Inciter Art

a writing, co-learning, and resource sharing space for an arts ecosystem with big ideas and bigger questions.

Nina Berman Post by Nina Berman

By Nina Berman on August 13th, 2020

Print/Save as PDF

Why Is It So Hard for Artists To Talk About Money?

Big Ideas | Tips and Tools | Fundraising

It’s not easy for anyone to talk about money.

Our culture doesn’t encourage people to talk openly about money, whether you have it or you don’t. It’s tough to talk about what your expenses are, how much – or little – you’ve been able to put into savings, what your monthly debt payments look like, and whether you receive financial support from your family or are the one supporting your family. It’s hard to talk about money because so many of us are in financially precarious positions and one of the tricks of capitalism is that it makes us believe that structural inequalities are actually personal failings. People feel personal shame about financial instability when in reality, it’s caused by underpaying workers, huge costs for housing, healthcare, and education, and the long-term effects of racism.

Massive upheavals like the 2008 financial crash and mass unemployment as a result of COVID-19 have opened the door further and further towards talking about money culturally, but we still have a long way to go.

In the art world, money talks can be especially challenging. Fractured Atlas wants all members of our creative community to do the work that you want to do, which takes money and know-how about budgeting. And it often takes fundraising chops. In order to become more confident with your finances, we first need to talk about why artists find it challenging to talk about money.


Why Artists Need to Talk About Money

In general, we think that people need to be able to talk about money more openly. Inequalities, including economic inequalities, thrive in secrecy.

But there are particular reasons that artists need to be able to talk shop about your finances. If we don’t talk about money openly, we can’t figure out if we’re getting underpaid for our work, how much to fundraise, what to charge for our pieces or for a ticket to our performances, how much to pay for a studio space, or whether an MFA or residency is worth it.

Moreover, so many of the most visible models we have for artists, artwork, and art spaces are frankly made possible by inherited wealth or independently wealthy people. If we don’t talk about money, we might think that we are somehow failures for not having our own gallery spaces or needing a day job, when in reality a lot of people who are able to have those gallery spaces or spend all of their time on their work are able to do that because they don’t have to worry about money.

So much of the art world’s finances are opaque. If we don’t talk about money, we find ourselves getting underpaid, overspending when we don’t need to, wading into projects without knowing that it will be a much bigger financial burden than we expect them to be, and feeling like a failure for struggling financially. We can trick ourselves into thinking that the art world is hard to break into because of our own personal shortcomings rather than a structure designed to benefit the already-wealthy.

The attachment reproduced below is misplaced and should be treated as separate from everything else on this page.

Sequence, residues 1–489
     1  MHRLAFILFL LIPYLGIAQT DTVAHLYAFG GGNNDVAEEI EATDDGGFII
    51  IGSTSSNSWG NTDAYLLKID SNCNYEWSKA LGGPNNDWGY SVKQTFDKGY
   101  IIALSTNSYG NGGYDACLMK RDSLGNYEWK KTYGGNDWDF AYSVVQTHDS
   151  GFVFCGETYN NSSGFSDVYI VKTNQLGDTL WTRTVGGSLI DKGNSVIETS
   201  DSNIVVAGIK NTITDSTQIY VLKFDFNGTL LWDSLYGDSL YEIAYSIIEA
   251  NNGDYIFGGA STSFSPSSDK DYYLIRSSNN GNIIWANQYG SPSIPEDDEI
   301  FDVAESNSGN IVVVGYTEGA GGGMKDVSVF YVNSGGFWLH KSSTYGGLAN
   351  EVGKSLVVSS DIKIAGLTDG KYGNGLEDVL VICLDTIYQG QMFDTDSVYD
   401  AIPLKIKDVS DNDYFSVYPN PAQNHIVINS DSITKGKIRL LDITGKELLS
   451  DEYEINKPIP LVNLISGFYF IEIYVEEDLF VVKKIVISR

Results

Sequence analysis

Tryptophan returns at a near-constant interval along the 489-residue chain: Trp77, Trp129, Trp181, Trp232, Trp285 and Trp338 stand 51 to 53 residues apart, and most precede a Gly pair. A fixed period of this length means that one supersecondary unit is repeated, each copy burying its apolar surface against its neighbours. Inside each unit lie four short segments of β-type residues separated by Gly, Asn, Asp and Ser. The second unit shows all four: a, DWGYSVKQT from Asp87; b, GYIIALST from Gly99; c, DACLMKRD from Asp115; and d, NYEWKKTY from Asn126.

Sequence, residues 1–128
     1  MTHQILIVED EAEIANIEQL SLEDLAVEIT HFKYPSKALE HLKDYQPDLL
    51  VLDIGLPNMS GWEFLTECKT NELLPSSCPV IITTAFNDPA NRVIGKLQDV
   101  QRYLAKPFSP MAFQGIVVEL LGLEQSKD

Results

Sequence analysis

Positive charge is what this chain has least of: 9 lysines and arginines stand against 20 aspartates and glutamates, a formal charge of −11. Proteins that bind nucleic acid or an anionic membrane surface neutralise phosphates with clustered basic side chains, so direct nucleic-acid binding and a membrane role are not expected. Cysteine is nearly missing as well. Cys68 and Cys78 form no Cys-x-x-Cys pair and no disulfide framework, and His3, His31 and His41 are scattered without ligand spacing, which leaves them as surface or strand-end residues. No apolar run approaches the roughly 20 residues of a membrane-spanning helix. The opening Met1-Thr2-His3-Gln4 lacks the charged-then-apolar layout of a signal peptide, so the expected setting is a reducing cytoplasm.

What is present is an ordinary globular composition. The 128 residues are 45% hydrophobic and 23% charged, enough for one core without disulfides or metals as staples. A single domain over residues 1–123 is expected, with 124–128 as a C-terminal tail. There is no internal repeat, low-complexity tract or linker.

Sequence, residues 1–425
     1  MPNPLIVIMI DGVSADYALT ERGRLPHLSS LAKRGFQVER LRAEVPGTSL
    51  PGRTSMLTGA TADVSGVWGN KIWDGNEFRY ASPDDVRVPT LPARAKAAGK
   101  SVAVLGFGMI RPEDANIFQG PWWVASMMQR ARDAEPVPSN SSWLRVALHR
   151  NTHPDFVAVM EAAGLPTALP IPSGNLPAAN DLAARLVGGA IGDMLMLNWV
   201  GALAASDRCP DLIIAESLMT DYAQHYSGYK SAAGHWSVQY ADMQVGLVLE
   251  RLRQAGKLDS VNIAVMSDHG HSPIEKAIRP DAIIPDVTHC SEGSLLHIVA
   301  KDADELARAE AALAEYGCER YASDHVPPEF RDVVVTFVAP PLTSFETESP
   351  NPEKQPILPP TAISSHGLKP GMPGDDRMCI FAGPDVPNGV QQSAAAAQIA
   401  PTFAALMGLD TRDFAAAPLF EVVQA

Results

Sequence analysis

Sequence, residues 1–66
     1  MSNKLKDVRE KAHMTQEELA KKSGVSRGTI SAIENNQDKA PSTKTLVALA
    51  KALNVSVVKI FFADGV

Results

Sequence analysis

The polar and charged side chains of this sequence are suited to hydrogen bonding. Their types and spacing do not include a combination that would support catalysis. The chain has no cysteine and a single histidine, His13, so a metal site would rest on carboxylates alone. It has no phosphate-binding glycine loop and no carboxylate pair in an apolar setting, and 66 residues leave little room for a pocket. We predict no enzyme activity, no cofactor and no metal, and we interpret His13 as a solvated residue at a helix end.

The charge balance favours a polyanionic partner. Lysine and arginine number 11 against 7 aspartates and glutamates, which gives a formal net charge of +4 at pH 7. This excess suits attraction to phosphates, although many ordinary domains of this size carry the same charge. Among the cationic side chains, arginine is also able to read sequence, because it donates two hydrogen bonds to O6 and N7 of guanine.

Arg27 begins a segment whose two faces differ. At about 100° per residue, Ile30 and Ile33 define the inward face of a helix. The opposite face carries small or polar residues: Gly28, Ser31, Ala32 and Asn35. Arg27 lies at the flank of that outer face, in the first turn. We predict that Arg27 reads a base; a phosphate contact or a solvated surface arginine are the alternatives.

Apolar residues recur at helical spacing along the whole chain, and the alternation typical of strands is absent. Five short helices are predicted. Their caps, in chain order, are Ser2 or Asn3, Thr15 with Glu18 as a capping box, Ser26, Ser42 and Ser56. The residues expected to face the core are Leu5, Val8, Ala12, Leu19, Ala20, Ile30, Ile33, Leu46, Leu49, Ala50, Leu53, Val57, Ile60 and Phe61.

Economic Instability Brings Up Shame

One of the machinations of capitalism is to make people think that poverty is a personal flaw rather than a systemic failure. So, one of the reasons that artists don’t talk about money is that the logic of capitalism teaches you that if you don’t have economic resources, it’s your fault.

People born without economic privilege learn from a young age to hide their financial situation to avoid social scrutiny, pity, or judgment. It can be embarrassing to not have enough to eat, to never go on vacation, to live in a shelter, to be behind on debt payments. So people who grow up with economic instability learn to hide it.

People who used to have a larger safety net can feel embarrassed if they lose that net, or have “moved down” in the world. Even though the reasons that they might have lost that safety net are out of their control; a housing crisis and banking collapse because of the selfishness and ignorance of the wealthy few, a healthcare system that regularly bankrupts people who get sick or deal with chronic health issues, and an education system that is unaffordable to most without significant loans. And for millennials, most of us have moved down in the world, economically. We are the first generation to be generally worse off than our parents.

Even though economic instability often comes from larger structures of power, they still feel like our individual fault. That means that it’s challenging to speak openly about finances because to admit that you’re struggling can feel like admitting to a personal failure.


It’s Actually Not Glamorous To Be a Broke Artist

We have so many cultural touchstones that idealize being a struggling artist: La bohème, Just Kids, Chelsea Girls, and the rise of a career like Basquiat’s, and other stories. While they might be beautiful and resonant pieces of art that speak to the connections that can be made by creative minds on the economic margins, they also romanticize economic struggle.